Natalie Hughes, founder of The Fashion Digital
“Make a niche for yourself and reach out to companies within that niche. It's best to be as specialised as you can, as clients like to see similar work - or at least work within their industry - when you're pitching!”
Steve Folland, freelance video/ audio producer, presenter and writer
“I think the key to pitching is asking questions and listening. Asking questions of the client. Asking questions of yourself. If you’re able to have a call with the client, really listen to what they have to say. Take note of what they say. Try and reflect their language back to them in your pitch later.
But you’re the expert. So it’s good to question. Why are they doing things a certain way? What outcome are they looking for? What budget do they have to work with? And my favourite question… is the deadline they’re telling me a ‘real’ deadline (like a launch) or a self-created deadline? What timeline are we really looking at? Sometimes in the pitch itself I will offer different possibilities/solutions. And occasionally that might even be a DIY approach that cuts me out of it. Which may sound odd. But then they know you’re really trying to help them :)”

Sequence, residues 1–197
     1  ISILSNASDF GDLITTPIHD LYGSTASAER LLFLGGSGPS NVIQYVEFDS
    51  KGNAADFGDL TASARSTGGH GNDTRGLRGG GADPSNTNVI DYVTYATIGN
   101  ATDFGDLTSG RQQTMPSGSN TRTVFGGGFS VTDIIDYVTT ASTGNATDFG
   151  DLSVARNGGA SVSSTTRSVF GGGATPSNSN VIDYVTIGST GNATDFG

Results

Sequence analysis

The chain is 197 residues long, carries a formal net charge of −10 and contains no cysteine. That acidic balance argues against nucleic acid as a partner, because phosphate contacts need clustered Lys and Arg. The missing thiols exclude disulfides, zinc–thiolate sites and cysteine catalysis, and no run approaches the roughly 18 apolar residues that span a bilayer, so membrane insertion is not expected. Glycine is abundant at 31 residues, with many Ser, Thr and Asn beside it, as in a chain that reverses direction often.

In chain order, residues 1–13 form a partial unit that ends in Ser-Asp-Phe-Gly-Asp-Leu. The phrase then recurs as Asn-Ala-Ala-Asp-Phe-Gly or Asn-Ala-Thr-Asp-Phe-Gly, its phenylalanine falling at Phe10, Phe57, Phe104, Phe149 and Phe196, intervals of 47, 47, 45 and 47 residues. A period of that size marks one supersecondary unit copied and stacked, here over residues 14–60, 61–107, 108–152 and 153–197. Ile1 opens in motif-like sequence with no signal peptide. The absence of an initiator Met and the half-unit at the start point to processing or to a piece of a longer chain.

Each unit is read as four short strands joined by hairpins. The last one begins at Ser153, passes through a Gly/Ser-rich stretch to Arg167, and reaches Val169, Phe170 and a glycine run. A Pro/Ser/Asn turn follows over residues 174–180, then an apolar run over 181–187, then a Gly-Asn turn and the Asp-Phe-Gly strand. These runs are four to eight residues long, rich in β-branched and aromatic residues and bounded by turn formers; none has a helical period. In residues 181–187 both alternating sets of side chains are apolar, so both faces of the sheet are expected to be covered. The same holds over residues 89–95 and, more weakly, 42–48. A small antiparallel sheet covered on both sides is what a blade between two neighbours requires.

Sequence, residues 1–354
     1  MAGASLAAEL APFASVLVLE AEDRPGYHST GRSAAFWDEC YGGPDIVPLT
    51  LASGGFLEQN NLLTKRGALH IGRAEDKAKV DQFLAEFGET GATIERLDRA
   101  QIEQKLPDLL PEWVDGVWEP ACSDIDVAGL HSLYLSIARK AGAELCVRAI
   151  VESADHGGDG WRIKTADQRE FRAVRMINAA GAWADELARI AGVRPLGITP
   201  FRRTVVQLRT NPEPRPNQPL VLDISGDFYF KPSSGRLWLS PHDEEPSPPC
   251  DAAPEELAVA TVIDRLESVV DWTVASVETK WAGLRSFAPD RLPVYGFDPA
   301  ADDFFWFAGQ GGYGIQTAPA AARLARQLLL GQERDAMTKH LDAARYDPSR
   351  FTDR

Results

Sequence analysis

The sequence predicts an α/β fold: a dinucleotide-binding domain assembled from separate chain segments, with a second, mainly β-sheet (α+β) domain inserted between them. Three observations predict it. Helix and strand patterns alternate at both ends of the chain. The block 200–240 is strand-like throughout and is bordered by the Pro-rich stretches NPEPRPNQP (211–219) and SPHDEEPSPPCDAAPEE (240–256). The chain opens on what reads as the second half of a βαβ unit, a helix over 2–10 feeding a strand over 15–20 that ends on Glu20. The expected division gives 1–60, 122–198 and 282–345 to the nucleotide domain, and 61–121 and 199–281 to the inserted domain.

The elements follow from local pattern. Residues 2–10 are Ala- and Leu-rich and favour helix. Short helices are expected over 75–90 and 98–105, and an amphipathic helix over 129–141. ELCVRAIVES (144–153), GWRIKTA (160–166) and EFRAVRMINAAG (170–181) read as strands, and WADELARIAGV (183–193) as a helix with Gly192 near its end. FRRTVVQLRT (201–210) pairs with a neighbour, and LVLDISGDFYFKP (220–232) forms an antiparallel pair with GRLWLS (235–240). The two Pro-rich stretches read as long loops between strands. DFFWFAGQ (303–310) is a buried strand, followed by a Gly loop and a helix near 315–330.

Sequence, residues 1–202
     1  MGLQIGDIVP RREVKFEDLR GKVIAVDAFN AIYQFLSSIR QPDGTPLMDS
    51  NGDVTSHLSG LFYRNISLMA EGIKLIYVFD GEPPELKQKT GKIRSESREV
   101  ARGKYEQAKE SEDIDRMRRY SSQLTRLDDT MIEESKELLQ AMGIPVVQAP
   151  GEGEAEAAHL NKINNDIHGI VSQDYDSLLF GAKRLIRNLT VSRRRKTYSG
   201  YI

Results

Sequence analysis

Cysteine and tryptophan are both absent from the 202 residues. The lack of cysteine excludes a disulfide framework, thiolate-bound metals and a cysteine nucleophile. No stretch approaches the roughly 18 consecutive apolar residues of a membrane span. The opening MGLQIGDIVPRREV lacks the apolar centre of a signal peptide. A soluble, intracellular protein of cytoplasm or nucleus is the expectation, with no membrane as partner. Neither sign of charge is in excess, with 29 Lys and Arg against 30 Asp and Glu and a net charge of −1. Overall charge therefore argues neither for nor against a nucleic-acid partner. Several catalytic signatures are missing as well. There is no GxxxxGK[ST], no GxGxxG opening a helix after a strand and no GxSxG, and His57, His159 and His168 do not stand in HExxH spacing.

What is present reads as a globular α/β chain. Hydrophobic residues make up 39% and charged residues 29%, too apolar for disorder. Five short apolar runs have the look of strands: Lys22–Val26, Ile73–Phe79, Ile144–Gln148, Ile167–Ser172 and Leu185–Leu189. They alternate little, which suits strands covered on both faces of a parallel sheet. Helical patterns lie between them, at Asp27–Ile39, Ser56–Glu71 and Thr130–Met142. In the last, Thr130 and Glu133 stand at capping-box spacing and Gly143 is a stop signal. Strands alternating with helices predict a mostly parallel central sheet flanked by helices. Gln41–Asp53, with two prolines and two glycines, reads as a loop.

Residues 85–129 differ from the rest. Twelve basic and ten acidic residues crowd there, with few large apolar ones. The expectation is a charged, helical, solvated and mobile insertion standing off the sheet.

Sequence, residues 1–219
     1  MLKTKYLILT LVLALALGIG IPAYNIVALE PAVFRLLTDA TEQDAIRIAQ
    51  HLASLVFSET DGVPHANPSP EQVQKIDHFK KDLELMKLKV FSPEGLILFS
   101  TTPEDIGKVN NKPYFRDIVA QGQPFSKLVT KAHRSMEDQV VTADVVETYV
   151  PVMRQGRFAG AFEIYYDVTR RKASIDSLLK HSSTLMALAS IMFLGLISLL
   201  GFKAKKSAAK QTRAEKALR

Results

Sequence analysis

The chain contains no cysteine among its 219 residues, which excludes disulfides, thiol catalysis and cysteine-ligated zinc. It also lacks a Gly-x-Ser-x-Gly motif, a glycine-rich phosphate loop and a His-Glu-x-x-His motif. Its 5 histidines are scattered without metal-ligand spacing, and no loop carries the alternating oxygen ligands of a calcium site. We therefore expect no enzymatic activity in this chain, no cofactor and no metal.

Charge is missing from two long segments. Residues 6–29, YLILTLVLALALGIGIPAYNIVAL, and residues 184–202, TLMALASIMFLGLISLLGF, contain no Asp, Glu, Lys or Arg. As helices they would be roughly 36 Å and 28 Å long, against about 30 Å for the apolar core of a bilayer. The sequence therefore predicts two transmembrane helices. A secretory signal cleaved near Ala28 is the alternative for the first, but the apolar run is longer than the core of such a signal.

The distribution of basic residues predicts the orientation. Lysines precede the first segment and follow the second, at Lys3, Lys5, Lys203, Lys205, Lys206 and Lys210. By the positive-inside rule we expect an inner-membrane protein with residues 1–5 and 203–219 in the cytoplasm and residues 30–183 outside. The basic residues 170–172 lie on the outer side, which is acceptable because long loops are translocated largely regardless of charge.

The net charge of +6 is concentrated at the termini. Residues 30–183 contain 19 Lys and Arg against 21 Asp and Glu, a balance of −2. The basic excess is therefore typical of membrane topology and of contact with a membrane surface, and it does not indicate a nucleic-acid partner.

Simon Lewis, Telegraph Weekend Lifestyle, Senior commissioning editor (acting)
Simon advises thinking about a few key details when pitching a journalistic story:
1. “The type of feature it is (make sure you've studied the publication and know who its audience is and what its regular features and favourite subjects are)
2) The word 'Pitch'
3) The reason you'd read it (try to make it as 'clickbaity' as possible: create a curiosity gap)
Family pitch: Coming out to a gay parent isn't always easy
Parenting pitch: ten interiors ruined by babies
Pets pitch: How I spent over £5000 on a sick kitten
Relationships pitch: How tantric sex saved our lockdown relationship
Family pitch: identity, resilience and peanut butter
Parenting pitch: What effect is lockdown having on babies' immune systems?
Relationships pitch: Can we recognise our soulmate by the scent of their breath?
It’s also important to include your credits (who else you've written for) right at the start of the pitch. It's not that I don't want to give junior writers a break, it's that I'm scared I'll have to spend hours rewriting it, re-briefing it, or not be able to use it at all. That is a serious worry that can be reduced by including your credits up front”.
Thank you to everyone who keeps opening and sharing my newsletter each week. Please feel free to comment below or reply to this email with comments, suggestions and feedback. I love to hear from you.
Today is the last day that donations to my Kofi page will be given to the charity Little Village, the London charity helping babies and children living in poverty. So, if you’ve meaning to, your donation will be gratefully received. As you can imagine, help is very much needed right now. Thank you to everyone that has donated so far.
Until next time…stay safe, warm and away from the Covid drive through if you can help it.